At the rear is LMT’s SOPMOD buttstock. The company is the sole provider of these to the more commonly known SOCOM, as well as the Marine Corps, Army, Navy and Air Force. Both side of the rifle’s six-position adjustable stock have quick-detach swivel mounts. Dual, watertight front-facing battery compartments can hold up to four CR123s each. The recoil pad made me scratch my head for a while, until I realized it was probably standard equipment on the 7.62 NATO version dispatched to the Sandbox. It’s not tacky enough to hang up on gear, though. 

The pistol grip is exclusive to LMT and is manufactured by Ergo Grips. It’s sticky, grooved at the front to anchor your fingers, and works well.

Ambidextrous fire controls add to the SLK8’s versatility for defense and competition.

The SLK8 comes with the company’s LMP103T charging handle, and it was a welcome addition after mounting a Leupold VX2 3-9x40 mm riflescope for testing. I couldn’t get a good grip on the right side once the optic was aboard, but the tactical latch to the left was easy to grasp by simply rolling my finger down.  

A fairly standard A2 flash hider rides the barrel up front. On the test gun, its flat-black finish provided nice contrast with the barrel’s stainless color. It’s probably not very functional for 3-gun shooters or home defense, but it does protect those threads nicely until you upgrade to a brake or a sound suppressor.  

LMT also includes spare gear for the end user, and that’s always a nice touch. The sling that ships with the SLK8, well, let’s just say it might not hang around too long. 

Give Me Three, Please
I chronographed each of the loads the first day with a metal magazine I grabbed off my desk. There were no failures to feed or stoppages of any kind. The bolt always held open on an empty chamber and mag drops were effortlessly free and clear. 

Along with being adjustable for length-of-pull, the LMT SOPMOD stock can store up to eight CR123 batteries.

Accuracy testing the next day was a different story. I opened and used the company-provided magazine (also metal). The bolt held open when empty and drops were clean, but the third round in every subsequent loading of the magazine stovepiped—always the third. I tapped, shook and cast an ancient juju spell, but the results were always the same with each load, twice. So, I reverted to the first magazine to finish testing. The problems didn’t recur. Magazines fail, but not usually one just removed from its packaging.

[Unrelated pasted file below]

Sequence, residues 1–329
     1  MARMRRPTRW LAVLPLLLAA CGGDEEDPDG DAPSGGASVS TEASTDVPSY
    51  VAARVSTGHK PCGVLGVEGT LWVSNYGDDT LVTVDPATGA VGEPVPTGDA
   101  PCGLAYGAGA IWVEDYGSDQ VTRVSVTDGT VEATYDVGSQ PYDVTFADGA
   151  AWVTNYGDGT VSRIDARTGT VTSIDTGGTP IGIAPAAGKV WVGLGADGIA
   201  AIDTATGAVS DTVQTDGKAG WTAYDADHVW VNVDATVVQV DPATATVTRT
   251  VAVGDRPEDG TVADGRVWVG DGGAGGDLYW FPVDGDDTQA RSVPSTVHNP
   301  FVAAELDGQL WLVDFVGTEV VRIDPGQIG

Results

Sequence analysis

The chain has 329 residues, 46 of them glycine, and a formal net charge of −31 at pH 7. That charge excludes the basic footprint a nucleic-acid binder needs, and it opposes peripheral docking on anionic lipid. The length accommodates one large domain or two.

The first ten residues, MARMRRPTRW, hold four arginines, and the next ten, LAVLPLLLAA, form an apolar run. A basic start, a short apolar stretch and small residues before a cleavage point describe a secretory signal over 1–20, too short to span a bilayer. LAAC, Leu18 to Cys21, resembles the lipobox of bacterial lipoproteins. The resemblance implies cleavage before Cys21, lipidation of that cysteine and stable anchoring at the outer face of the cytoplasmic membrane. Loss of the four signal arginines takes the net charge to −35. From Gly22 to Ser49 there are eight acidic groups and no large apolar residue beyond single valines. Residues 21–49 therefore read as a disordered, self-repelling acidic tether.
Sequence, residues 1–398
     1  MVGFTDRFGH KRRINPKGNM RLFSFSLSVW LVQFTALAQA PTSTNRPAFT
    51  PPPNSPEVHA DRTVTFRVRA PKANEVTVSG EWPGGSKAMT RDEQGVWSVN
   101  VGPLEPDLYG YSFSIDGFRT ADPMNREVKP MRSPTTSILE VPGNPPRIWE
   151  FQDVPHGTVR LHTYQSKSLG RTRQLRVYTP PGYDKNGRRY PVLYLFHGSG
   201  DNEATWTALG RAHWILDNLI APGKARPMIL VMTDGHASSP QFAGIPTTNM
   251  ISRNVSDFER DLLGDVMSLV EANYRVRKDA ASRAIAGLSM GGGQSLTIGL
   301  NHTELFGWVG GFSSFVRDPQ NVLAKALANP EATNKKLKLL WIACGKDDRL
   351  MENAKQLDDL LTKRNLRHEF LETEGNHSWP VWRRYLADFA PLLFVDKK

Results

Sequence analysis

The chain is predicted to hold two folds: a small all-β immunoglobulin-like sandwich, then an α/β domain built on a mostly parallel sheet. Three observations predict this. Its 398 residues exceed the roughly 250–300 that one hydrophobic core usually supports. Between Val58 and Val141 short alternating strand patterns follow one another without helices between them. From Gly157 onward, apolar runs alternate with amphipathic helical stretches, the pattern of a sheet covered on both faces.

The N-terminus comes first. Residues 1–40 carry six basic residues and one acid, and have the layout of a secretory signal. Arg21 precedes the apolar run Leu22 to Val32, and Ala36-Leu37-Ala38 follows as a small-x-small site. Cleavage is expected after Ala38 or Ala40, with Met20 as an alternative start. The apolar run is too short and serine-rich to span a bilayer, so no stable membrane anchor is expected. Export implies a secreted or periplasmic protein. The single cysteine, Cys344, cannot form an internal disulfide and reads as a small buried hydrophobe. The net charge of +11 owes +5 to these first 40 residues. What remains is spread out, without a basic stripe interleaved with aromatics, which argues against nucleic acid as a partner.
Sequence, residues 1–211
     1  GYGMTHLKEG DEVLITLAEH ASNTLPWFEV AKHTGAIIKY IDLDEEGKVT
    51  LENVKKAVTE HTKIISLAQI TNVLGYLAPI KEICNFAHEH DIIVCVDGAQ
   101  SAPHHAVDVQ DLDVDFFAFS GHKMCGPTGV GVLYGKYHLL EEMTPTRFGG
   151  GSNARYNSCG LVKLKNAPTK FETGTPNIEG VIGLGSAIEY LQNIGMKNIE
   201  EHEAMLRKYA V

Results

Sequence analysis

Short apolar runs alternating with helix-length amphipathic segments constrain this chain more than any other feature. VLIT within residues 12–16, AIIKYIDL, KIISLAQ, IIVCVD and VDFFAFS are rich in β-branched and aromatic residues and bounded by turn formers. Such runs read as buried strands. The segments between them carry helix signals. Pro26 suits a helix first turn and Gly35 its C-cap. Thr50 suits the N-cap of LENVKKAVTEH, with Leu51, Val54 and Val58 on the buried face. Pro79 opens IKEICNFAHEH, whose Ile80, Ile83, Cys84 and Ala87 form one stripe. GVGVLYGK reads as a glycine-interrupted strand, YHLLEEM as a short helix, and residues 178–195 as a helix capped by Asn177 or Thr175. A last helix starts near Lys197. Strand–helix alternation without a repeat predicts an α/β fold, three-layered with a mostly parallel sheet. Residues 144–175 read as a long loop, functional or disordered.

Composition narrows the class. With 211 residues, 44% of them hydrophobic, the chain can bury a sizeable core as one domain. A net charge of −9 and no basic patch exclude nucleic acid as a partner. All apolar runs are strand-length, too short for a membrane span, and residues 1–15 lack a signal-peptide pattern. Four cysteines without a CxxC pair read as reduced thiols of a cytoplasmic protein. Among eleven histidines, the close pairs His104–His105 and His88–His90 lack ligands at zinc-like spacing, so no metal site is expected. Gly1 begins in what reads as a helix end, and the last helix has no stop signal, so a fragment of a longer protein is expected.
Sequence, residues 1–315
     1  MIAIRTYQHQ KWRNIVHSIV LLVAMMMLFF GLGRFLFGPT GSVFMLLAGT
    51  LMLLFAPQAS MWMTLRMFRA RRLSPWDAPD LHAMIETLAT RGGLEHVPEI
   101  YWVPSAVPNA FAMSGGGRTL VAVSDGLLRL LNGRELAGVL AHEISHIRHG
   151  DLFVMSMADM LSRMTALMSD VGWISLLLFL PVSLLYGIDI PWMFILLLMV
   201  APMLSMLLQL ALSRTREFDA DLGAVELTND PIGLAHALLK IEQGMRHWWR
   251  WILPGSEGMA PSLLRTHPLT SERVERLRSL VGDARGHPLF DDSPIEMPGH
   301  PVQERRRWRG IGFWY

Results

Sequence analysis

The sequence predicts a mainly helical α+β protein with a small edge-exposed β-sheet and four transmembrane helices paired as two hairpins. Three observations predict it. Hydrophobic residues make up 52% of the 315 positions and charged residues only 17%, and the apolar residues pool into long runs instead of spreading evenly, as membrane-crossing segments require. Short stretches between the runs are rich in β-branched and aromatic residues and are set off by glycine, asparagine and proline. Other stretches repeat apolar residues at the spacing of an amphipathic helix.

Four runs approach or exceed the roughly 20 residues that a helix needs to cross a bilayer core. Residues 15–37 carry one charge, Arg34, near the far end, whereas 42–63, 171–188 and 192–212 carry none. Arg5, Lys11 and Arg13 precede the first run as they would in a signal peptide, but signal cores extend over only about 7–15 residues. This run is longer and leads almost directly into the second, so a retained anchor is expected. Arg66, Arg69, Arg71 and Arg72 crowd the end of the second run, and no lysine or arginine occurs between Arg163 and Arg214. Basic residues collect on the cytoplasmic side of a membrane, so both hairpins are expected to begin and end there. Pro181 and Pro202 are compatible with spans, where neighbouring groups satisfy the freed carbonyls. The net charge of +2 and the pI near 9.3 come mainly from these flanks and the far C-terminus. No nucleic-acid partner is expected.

There is some really good news: I had so many four-shot groups touching or going through pretty much the same hole it was hard to put the gun down. Unfortunately, there’s always that one wayward shot. The rifle preferred American Eagle’s 55-grain, .223 Rem. jacketed-hollow-point. Average group size would trim down to slightly larger than .6 inch if the editors allowed me a golfing “gimme” every five shots. This SLK8 is capable of much more than I wrung out of it that day, and I’m confident precision shooters who take one home will quickly scoff at my group averages.

The handguard did a great job protecting my hands from the heat generated by putting a bunch of rounds downrange, and despite my not cleaning the carbine during testing, groups did not widen appreciably. I ran through a few CQB drills, and discovered this rifle is as nimble as expected. And all I can say is, “what recoil?” Follow-up shots were intuitive and fast. 

Summing it Up
There was a time in 3-gun when long barrels were thought requisite to connect with steel at distance. However, most matches don’t have access to ranges with 300- or 400-yard bays, and even when they do, they’re rarely used. As a result, many shooters are gravitating toward shorter barrels—the U.S. Army Marksmanship Unit and a few others now routinely use SBRs.   

The same kind of logic lends itself to self-defense situations. Long barrels are hard to swing around corners—they’re slow, easy to spot and even grab. Nimble, light and reliable carbines are the answer. You’re not going to be engaging bad guys a football field away, but you may be stopping an armed robber at 10 yards, while on the move. 

The LMT SLK8 is pricey, but it’s got the kind of martial heritage you can trust. It performed extremely well in my testing. Whether you find yourself knee-deep in muck on a muddy stage at your local 3-gun match, or defending your home against criminal attack, it’s a rifle upon which you can rely. Ultimately, that’s the most important attribute of any self-defense gun. Buy an extra PMag, though, just in case.

Built with 3-gun competitors in mind, the LMT SLK8 combines innovative features with proven aftermarket parts to create an ideal carbine for the fastest-growing shooting sport.